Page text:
Then I ran across Anne Wilson Schaef’s little book, WHEN SOCIETY BECOMES AN ADDICT, and I suddenly understood what I had been sensing. While many people have not been intimately involved with an alcoholic, all of us who grew up in the United States have been shaped by interaction with an addict—namely, the society into which we were born, with its insatiable economic appetites, its unrelenting drive to fulfill them, its obsession with keeping up appearances that cover over intense suffering, brutality, and despair, and its insistence on recruiting us into serving all of that.
What’s more, I came to believe that alcoholism is a symptom of or reaction to this cultural dysfunction. Compulsive eating, drug addiction, sex addiction, workaholism, compulsive activism—all are symptoms of some larger dis-ease that comes from living amidst and colluding with so much brutality, oppression, and injustice.
For example, my father was born in 1939 in Berlin. He learned to walk in a bomb shelter while his father was off serving in the SS. He won’t talk about most of what he saw during the first six years of his life, but I know from other family members that he witnessed his best friend being crushed under a building collapsing from bombing damage. I don’t know what, if anything, he knew about what was happening to Jews in his country, but I do know that it was (literally) in the air. When he was seven, he was brought to this country, where he didn’t know the language, where he was hated as an enemy German, and where he was raised by a brutal grandmother shaped by her own experience laboring for almost nothing in the German potato fields. Having inculcated gender norms that dictate what it means to be a man, he has never found a way to speak of this, much less grieve it. Is it any wonder that he has turned to alcohol?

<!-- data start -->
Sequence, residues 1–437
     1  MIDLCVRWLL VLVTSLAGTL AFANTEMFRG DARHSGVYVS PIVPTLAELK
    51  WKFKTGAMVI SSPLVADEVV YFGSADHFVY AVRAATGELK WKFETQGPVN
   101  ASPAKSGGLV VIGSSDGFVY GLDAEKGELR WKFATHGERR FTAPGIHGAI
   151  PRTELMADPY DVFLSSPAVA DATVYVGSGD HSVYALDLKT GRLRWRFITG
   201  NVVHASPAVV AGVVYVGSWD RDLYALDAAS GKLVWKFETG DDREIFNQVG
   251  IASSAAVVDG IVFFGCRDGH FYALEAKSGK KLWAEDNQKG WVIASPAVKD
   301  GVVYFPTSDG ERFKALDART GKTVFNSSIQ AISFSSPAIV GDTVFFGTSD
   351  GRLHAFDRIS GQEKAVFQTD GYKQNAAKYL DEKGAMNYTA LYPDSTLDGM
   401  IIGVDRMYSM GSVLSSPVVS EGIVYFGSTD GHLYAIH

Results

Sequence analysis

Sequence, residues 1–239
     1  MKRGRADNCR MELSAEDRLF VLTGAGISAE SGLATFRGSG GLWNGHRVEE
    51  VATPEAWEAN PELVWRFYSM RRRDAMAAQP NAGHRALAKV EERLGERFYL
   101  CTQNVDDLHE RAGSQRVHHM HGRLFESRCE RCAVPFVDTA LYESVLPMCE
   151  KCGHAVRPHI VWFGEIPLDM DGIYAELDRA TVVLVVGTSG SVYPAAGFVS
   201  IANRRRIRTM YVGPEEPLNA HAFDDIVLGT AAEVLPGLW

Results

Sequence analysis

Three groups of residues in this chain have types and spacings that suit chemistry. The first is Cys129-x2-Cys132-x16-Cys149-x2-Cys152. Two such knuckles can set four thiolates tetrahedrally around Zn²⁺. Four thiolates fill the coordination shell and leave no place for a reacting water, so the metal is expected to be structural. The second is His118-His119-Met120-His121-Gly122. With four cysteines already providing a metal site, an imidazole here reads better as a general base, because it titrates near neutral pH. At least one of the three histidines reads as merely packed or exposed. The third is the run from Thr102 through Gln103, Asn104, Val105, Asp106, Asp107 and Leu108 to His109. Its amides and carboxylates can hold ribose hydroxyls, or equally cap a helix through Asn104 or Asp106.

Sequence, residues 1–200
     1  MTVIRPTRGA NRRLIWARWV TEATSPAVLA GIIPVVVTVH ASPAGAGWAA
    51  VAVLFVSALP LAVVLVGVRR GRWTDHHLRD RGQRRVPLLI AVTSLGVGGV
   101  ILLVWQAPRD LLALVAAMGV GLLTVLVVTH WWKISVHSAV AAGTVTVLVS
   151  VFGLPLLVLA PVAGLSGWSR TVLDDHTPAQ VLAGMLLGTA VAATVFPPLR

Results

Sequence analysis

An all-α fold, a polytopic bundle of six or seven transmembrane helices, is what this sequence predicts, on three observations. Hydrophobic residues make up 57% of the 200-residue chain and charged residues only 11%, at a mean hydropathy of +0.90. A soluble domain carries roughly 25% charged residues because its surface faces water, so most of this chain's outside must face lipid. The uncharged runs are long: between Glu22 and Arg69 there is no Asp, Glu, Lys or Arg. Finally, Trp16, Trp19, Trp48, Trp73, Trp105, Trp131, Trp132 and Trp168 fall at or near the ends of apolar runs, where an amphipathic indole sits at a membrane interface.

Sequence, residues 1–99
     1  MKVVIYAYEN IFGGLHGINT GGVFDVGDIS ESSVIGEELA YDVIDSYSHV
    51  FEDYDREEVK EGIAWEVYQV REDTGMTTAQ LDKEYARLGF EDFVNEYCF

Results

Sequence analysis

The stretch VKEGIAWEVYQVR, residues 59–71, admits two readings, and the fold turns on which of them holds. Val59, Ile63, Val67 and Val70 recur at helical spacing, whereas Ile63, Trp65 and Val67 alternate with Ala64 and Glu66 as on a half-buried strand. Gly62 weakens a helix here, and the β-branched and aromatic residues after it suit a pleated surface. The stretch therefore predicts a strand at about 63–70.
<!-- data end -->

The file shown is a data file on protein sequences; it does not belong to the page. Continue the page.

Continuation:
It is a vast oversimplification to say that my distorted ways of being originate in exposure to alcoholism. It also lets the rest of the culture off the hook, enabling it to continue unchecked, churning out more and more wounded people.